Deciding to buy a house is a huge financial and time commitment. Not only could the home you choose come with the largest price tag you will ever see, but it will probably take you decades to finally pay off and call your own. Even if you do decide to sell somewhere down the road, you will more than likely spend more money on this asset than any other you will ever own.
For this reason, you want to make sure that you get the best possible deal. You may also want the opportunity to walk away if it turns out not to be the best option for you. You could give yourself that peace of mind by including contingencies in your residential sales agreement.
What are contingencies?
Contingencies are a kind of "get out of jail free" card for homebuyers. These provisions in your agreement give you the option of renegotiating your deal with the seller or backing out of the sale altogether, depending on the circumstances. Below are some of the most common contingencies you may want to consider in your purchase:
- If you are like most other homeowners here in Ohio and elsewhere, you cannot pay cash for your new home. You will need a mortgage loan, and if your financing falls through, you don't want to still be bound to the deal.
- Your mortgage loan lender will require an appraisal of the home prior to approving your loan. If the appraisal comes back less than the purchase price, you will want to go back to the seller to reduce the price, but if he or she refuses, you could back out of the deal.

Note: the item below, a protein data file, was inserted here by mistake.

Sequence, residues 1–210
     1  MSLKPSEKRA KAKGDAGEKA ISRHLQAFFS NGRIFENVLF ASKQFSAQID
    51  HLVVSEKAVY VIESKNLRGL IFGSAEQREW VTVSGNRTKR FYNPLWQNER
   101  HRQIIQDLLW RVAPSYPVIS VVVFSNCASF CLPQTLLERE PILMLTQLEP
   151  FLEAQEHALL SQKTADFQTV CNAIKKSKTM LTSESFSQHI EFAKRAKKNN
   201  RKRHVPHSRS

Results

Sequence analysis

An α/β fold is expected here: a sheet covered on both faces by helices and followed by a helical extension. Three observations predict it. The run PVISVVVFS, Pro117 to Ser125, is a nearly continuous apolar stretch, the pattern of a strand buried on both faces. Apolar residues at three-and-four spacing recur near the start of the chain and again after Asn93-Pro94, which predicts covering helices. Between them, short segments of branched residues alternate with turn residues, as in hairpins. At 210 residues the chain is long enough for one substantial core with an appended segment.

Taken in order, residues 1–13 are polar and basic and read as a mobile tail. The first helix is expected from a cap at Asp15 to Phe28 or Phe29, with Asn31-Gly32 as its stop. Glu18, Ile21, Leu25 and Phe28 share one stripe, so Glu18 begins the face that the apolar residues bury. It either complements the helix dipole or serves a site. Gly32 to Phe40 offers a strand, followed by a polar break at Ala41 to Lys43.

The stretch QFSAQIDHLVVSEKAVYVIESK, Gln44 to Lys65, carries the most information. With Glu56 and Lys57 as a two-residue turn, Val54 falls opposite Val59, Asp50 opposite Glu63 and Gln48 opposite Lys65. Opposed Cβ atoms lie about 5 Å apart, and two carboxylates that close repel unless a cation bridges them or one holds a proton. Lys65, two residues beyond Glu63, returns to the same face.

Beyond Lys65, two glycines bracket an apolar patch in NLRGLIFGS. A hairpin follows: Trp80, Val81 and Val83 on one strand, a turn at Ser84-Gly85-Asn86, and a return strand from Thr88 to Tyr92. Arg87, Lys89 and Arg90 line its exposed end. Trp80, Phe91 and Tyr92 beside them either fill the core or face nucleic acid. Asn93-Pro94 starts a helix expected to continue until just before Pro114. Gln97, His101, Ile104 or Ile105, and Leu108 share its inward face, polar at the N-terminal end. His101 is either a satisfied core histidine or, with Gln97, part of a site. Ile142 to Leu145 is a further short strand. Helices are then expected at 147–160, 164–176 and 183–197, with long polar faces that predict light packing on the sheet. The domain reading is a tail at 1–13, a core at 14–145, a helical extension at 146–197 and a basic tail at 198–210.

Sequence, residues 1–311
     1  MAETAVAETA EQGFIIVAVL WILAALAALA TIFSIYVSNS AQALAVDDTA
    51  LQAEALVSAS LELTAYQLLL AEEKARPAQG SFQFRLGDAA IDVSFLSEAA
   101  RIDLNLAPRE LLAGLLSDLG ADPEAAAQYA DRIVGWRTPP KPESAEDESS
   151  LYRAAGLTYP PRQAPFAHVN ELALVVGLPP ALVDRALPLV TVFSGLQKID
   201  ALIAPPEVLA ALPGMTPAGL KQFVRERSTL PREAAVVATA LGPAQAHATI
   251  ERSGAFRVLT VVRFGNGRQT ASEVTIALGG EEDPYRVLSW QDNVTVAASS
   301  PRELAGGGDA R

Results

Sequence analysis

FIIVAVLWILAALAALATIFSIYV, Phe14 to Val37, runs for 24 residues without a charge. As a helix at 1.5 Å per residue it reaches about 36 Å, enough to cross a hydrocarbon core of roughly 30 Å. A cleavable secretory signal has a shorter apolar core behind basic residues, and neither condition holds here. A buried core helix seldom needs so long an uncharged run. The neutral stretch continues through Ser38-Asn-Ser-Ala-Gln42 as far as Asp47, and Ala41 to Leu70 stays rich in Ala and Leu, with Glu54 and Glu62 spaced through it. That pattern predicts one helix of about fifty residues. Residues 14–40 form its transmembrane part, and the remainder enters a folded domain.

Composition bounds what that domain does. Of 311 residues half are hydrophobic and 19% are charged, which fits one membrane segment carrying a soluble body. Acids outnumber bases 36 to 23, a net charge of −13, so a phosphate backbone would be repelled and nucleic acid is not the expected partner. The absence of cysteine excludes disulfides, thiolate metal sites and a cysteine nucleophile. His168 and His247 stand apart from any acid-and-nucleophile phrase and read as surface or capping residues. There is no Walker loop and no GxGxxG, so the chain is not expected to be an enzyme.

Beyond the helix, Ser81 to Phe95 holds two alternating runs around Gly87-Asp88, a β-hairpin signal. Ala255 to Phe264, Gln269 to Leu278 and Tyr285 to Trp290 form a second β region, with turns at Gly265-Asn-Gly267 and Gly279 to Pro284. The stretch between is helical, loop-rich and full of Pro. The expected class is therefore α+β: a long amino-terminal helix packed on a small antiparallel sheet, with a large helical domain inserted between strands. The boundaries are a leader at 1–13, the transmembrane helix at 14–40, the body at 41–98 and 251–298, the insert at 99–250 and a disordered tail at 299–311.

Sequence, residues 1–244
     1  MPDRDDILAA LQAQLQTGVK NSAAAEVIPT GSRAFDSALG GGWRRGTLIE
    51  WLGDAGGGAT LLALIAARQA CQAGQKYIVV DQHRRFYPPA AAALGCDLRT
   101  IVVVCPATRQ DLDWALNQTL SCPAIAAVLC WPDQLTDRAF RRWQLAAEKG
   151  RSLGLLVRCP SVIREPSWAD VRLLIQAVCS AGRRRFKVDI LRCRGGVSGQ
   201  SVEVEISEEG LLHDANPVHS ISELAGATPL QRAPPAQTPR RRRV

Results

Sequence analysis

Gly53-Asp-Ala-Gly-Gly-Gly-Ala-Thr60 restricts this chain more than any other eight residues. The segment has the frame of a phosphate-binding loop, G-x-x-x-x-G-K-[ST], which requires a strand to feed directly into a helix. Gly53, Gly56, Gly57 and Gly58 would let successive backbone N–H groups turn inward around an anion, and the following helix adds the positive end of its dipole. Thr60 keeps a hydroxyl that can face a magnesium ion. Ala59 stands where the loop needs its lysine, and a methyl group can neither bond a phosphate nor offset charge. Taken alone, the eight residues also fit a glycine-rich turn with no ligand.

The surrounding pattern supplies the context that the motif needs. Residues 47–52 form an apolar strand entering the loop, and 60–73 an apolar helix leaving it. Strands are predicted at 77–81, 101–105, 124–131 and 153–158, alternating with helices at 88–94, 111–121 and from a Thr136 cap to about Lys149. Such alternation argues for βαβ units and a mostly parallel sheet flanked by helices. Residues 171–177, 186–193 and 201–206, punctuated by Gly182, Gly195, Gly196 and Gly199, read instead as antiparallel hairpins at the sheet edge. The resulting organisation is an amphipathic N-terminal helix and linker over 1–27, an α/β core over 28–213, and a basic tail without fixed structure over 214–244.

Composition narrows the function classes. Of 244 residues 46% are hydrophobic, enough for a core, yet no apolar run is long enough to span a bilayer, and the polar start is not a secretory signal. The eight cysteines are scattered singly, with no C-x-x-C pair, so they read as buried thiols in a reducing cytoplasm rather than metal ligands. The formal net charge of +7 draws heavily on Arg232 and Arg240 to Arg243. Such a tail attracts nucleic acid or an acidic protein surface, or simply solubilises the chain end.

- Home inspections are often worth their cost since they let you know if there are any major issues with the home. If not, you gain peace of mind, but if there are problems, you can go back to the seller for repairs, a price adjustment or cancellation of the purchase.
- You may want to have a separate inspector just for the roof. Many home insurance companies request this since a leaky or otherwise damaged roof could lead to expensive damage and repairs.
- You will also want inspections for termites, radon, mold, asbestos and lead-based paint. Damage due to these issues can run into the tens of thousands of dollars -- money you most likely won't have since you just purchased a house.
- You may also want to have the sewer system properly inspected to make sure there are no issues. These repairs can also be quite expensive since they often require digging up your yard, the pipes and then putting it all back together.
- You may need a contingency, allowing you time to sell your current home. A seller will more than likely only agree to this if the contingency imposes a reasonable deadline on you.
- You may also want to include a contingency regarding a clear title inspection. The last thing you need is to deal with the possibility of someone else having a legal right to the home.
- A contingency regarding the veracity of the seller's disclosures would be wise as well. If any inspection or the title search reveal information about the home the seller should have known about, you may take issue with completing the deal.
- You or the seller may need a few extra days on the front or back end of the sale. You may include a contingency regarding these arrangements in your purchase contract.
As you can see, you could have any number of contingencies in your residential sales agreement. In most cases, you will need to attempt to renegotiate your agreement before simply walking away. However, under the right circumstances, you could cancel the purchase and receive your escrow money back. To know whether you need other caveats in your contract, you could consult with an Ohio attorney experienced in real estate transactions.